These problems are compounded by the fact that both the FCC and state PUCs act with near-impunity with respect to transaction reviews. National and multistate transactions in today’s economy typically require applicants to close within reasonably prompt timeframes, as applicants often must obtain financing (frequently on terms that are time-sensitive), retain personnel and talent (who seek out other opportunities during times of extended uncertainty), and engage in both short- and medium-term planning for the operations of their businesses, which require certainty as to whether regulators will allow a pending transaction to proceed. These scheduling necessities make a timely approval by the FCC and PUCs a must in most transactions — which, in turn, often requires capitulating to even some unreasonable agency conditions lest review be further delayed. Additionally, judicial review of agency decisions to deny approval of a particular transaction (or to grant such approval only in exchange for conditions) is in many cases effectively unavailable in practice because of the ability of the agencies to delay court proceedings (for a year or longer) past when a transaction is scheduled to close. This functional immunity from judicial supervision has predictably empowered the FCC and some state PUCs to place undue demands on applicants, including demands in excess of the respective agencies’ jurisdiction and legal authority.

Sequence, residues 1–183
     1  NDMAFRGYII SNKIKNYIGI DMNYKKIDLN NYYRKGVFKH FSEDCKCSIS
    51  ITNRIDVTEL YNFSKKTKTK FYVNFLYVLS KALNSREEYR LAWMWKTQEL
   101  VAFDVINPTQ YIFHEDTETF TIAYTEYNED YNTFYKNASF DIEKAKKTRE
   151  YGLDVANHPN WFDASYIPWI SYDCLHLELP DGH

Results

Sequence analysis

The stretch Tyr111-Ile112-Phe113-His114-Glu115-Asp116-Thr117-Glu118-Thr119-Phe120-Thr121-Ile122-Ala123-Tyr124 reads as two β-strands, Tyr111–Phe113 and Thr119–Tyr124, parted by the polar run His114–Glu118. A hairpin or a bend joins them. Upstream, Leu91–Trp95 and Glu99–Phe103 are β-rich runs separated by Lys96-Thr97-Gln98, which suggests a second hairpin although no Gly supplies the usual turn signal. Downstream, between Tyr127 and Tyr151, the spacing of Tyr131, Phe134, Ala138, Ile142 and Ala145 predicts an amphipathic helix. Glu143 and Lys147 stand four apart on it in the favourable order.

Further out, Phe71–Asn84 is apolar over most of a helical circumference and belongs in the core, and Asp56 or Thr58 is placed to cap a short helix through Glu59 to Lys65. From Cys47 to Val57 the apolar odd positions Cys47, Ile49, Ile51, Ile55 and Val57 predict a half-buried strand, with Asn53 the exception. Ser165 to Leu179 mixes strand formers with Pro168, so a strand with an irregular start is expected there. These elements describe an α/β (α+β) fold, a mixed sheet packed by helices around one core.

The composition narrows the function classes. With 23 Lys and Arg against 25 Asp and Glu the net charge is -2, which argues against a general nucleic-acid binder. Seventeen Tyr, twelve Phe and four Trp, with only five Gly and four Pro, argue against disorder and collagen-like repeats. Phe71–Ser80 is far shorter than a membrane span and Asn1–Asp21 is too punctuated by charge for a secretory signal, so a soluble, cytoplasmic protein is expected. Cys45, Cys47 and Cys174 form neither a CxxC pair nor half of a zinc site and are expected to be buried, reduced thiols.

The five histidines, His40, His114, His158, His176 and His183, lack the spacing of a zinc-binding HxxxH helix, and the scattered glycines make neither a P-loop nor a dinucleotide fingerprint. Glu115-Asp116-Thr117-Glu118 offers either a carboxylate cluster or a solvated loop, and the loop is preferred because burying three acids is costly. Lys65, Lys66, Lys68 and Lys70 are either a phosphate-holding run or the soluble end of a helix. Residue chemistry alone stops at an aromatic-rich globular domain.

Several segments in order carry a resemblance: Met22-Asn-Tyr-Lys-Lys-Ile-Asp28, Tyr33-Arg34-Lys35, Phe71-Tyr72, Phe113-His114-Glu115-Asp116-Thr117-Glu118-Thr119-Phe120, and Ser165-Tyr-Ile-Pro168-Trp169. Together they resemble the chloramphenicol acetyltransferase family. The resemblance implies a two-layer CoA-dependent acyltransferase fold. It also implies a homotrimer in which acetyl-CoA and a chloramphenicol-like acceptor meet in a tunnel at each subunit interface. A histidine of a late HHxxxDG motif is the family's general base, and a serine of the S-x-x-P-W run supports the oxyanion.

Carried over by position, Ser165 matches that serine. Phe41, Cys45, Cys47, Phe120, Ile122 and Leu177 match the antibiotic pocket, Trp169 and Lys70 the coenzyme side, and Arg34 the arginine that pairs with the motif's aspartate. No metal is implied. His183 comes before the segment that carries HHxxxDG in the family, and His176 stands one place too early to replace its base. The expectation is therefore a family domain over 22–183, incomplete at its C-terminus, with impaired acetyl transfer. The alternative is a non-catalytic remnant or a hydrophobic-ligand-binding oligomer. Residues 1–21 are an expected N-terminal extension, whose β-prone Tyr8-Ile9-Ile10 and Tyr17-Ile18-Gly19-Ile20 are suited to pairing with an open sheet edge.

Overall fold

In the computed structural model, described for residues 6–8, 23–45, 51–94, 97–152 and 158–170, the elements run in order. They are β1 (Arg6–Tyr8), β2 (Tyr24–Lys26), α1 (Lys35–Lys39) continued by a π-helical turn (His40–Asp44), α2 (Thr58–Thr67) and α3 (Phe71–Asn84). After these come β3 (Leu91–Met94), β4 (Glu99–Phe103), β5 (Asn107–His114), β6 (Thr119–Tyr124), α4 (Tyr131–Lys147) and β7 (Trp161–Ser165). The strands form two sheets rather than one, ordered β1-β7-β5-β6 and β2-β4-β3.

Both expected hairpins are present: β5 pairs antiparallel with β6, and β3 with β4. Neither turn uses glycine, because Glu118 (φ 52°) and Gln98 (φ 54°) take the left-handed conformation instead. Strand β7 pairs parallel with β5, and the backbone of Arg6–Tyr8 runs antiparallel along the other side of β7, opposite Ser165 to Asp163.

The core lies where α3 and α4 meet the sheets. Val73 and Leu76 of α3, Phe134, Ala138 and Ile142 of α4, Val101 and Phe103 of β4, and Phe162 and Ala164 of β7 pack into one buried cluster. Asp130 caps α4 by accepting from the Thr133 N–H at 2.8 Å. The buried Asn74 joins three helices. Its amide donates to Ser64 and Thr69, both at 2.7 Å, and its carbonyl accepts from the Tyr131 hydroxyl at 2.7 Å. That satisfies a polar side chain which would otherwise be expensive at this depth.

At the federal level, this frequently has manifested itself in the form of the FCC’s conditioning transaction approvals upon “voluntary” commitments by applicants that the FCC would have lacked statutory authority to compel directly (such as investing money in the FCC’s preferred projects or abiding by rules the FCC could not impose generally). Such an approach effectively amounts to back-door rule- and policy-making that circumvents the Administrative Procedure Act and, too often, the FCC’s statutory authority. Additionally, while there is a self-imposed 180 day shot clock governing the FCC’s review of transactions, in practice the FCC regularly extends its review by stopping the clock with little or no reason, thus rendering it difficult to predict when a review might be complete.